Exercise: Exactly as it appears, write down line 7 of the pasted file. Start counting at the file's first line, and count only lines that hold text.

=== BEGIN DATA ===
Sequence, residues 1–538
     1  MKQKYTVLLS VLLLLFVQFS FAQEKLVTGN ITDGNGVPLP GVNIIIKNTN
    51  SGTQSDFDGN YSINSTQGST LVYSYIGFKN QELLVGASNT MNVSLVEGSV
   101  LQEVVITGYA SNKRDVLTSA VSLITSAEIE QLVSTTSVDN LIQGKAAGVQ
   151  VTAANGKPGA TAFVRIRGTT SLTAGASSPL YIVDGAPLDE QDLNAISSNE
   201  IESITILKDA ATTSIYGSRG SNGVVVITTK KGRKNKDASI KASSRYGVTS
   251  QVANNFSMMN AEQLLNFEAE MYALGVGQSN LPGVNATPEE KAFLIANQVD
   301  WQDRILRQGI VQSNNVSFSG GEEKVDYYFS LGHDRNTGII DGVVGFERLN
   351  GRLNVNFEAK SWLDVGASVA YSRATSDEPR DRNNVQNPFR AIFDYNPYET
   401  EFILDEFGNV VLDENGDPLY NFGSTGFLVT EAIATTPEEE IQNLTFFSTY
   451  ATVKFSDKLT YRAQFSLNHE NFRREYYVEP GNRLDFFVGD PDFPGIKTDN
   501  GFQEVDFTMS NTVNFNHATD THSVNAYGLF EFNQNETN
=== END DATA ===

   251  QVANNFSMMN AEQLLNFEAE MYALGVGQSN LPGVNATPEE KAFLIANQVD